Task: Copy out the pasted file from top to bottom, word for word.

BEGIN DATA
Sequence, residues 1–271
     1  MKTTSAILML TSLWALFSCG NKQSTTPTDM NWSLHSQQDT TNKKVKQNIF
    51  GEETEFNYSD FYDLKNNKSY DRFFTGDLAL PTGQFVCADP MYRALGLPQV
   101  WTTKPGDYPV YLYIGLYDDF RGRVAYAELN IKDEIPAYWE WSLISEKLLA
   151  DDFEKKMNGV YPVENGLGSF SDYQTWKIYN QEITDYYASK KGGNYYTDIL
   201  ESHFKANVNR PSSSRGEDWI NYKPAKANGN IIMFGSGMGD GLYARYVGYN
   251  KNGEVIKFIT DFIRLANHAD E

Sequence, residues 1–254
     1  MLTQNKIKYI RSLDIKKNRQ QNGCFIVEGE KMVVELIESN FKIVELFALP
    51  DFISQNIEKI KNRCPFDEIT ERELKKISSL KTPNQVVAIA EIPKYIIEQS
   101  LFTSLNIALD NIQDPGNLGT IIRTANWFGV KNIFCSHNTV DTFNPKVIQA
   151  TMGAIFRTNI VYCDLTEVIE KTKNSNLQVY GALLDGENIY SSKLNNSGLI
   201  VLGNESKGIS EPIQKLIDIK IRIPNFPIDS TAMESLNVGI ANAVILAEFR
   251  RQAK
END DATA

Sequence, residues 1–271
     1  MKTTSAILML TSLWALFSCG NKQSTTPTDM NWSLHSQQDT TNKKVKQNIF
    51  GEETEFNYSD FYDLKNNKSY DRFFTGDLAL PTGQFVCADP MYRALGLPQV
   101  WTTKPGDYPV YLYIGLYDDF RGRVAYAELN IKDEIPAYWE WSLISEKLLA
   151  DDFEKKMNGV YPVENGLGSF SDYQTWKIYN QEITDYYASK KGGNYYTDIL
   201  ESHFKANVNR PSSSRGEDWI NYKPAKANGN IIMFGSGMGD GLYARYVGYN
   251  KNGEVIKFIT DFIRLANHAD E

Sequence, residues 1–254
     1  MLTQNKIKYI RSLDIKKNRQ QNGCFIVEGE KMVVELIESN FKIVELFALP
    51  DFISQNIEKI KNRCPFDEIT ERELKKISSL KTPNQVVAIA EIPKYIIEQS
   101  LFTSLNIALD NIQDPGNLGT IIRTANWFGV KNIFCSHNTV DTFNPKVIQA
   151  TMGAIFRTNI VYCDLTEVIE KTKNSNLQVY GALLDGENIY SSKLNNSGLI
   201  VLGNESKGIS EPIQKLIDIK IRIPNFPIDS TAMESLNVGI ANAVILAEFR
   251  RQAK